Children and young people’s everyday lives and relationships are both situated within their immediate environments (such as within the family or in institutional settings) as well as shaped by wider structural developments and experiences of inequalities. This means that children and young people’s social identities involve multiple and shifting positions in terms of gender, social class, race, ethnicity, age, religion, sexuality, disability/ability, and more. While many writers acknowledge the complexity and relationality of children’s social identities, there are various theoretical frameworks through which these have been conceptualized, with different implications for which children and young people’s lives are explored and which aspects of their social identities are foregrounded through research. This chapter discusses three such theoretical frameworks: (1) hybridity, (2) hyphenated identities, and (3) intersectionality. In doing so, this chapter draws attention to the importance of the historical and ontological bases of theoretical frameworks and how they impact on the understandings of children and young people’s identity work.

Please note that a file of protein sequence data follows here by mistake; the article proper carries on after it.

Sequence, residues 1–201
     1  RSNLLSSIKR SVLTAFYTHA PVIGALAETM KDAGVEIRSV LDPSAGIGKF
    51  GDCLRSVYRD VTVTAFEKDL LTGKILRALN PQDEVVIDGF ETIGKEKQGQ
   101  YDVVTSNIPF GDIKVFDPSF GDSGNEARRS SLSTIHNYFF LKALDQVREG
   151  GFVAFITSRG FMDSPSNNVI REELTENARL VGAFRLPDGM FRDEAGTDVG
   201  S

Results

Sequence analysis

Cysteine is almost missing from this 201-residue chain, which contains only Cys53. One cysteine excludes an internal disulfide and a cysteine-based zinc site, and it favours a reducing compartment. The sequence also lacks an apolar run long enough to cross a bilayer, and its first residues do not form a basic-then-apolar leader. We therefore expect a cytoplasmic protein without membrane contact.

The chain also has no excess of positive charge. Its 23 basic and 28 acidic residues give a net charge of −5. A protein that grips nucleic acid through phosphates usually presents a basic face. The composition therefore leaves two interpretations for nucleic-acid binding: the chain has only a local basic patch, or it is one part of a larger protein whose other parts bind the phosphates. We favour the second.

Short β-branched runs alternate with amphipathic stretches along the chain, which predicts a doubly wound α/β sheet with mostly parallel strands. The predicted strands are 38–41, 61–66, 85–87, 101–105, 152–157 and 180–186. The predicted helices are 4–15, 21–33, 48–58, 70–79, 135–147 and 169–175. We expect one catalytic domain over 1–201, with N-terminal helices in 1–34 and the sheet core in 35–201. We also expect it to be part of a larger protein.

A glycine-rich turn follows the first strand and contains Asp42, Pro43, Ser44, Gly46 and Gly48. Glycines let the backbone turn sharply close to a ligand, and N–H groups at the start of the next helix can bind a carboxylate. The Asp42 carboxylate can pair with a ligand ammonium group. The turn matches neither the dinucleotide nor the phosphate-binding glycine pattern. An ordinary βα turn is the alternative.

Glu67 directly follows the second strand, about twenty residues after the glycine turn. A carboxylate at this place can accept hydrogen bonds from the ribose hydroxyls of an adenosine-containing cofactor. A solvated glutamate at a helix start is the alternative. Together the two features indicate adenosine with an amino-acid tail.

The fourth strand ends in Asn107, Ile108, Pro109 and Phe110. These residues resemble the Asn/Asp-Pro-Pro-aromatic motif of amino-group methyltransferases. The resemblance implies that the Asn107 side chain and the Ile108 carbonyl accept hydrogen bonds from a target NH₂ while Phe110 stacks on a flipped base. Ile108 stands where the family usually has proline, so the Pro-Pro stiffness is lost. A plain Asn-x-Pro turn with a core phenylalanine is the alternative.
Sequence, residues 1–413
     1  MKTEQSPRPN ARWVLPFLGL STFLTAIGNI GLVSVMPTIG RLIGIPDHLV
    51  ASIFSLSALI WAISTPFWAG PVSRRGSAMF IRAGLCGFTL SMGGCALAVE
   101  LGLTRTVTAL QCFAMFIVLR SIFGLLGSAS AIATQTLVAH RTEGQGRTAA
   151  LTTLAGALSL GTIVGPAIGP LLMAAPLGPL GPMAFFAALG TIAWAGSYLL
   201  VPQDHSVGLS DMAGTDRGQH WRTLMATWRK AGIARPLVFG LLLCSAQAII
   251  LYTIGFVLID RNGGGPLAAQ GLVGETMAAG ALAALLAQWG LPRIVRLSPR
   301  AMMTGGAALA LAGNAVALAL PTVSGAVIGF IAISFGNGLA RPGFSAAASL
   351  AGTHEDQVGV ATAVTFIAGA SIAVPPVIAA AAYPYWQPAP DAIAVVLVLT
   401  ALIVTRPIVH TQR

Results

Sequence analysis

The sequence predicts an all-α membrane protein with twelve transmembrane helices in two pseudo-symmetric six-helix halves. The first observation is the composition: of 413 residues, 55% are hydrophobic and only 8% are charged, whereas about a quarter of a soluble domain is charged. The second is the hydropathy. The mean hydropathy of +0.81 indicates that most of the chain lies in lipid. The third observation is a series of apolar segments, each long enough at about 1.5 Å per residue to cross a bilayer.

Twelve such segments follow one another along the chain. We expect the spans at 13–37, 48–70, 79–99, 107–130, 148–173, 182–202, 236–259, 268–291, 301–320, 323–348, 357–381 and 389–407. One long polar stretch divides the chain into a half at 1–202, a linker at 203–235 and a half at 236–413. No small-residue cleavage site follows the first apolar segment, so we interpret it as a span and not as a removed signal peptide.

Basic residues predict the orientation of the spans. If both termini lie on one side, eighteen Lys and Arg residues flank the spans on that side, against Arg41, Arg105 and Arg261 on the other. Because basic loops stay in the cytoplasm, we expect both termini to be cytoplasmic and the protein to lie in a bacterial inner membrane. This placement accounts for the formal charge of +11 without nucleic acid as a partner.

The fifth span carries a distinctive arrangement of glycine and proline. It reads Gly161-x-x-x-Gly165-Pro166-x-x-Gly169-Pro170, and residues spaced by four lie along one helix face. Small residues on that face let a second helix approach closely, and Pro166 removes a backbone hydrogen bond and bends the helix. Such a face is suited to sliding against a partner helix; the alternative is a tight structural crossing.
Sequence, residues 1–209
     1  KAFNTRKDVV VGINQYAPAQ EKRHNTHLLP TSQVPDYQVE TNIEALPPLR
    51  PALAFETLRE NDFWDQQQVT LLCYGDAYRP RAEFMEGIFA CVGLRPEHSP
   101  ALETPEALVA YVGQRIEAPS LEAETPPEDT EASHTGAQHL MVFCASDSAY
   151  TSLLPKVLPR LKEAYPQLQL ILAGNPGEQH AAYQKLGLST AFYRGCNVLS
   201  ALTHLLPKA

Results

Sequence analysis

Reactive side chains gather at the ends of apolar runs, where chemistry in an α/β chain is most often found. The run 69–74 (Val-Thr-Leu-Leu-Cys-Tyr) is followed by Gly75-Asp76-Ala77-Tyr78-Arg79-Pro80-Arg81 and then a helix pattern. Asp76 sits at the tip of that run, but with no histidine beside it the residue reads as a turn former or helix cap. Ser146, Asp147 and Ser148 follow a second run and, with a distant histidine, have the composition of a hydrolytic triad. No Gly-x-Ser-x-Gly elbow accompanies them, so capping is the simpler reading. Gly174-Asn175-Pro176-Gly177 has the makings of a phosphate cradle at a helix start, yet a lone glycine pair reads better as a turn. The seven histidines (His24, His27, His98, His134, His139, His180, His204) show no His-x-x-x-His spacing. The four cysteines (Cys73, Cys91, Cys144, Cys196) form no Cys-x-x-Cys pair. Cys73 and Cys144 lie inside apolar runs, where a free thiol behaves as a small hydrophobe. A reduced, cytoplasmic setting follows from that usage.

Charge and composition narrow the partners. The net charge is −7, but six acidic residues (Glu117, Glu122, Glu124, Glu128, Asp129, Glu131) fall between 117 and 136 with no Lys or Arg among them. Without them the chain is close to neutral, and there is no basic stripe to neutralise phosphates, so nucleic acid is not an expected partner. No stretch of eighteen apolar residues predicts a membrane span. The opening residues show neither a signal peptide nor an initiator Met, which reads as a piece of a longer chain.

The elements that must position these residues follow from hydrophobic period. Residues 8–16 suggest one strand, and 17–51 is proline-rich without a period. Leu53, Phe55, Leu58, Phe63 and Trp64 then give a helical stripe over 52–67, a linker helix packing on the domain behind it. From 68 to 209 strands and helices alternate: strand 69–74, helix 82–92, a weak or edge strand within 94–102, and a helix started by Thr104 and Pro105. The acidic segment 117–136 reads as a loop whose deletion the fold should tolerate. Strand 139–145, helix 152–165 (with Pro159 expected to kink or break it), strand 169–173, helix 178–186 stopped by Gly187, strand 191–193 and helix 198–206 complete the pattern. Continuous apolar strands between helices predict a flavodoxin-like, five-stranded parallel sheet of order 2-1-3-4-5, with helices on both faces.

|Title of host publication
|Families, Intergenerationality, and Peer Group Relations
|Samantha Punch, Robert Vanderbeck
|Number of pages
|Published - 2016
|Geographies of Children and Young People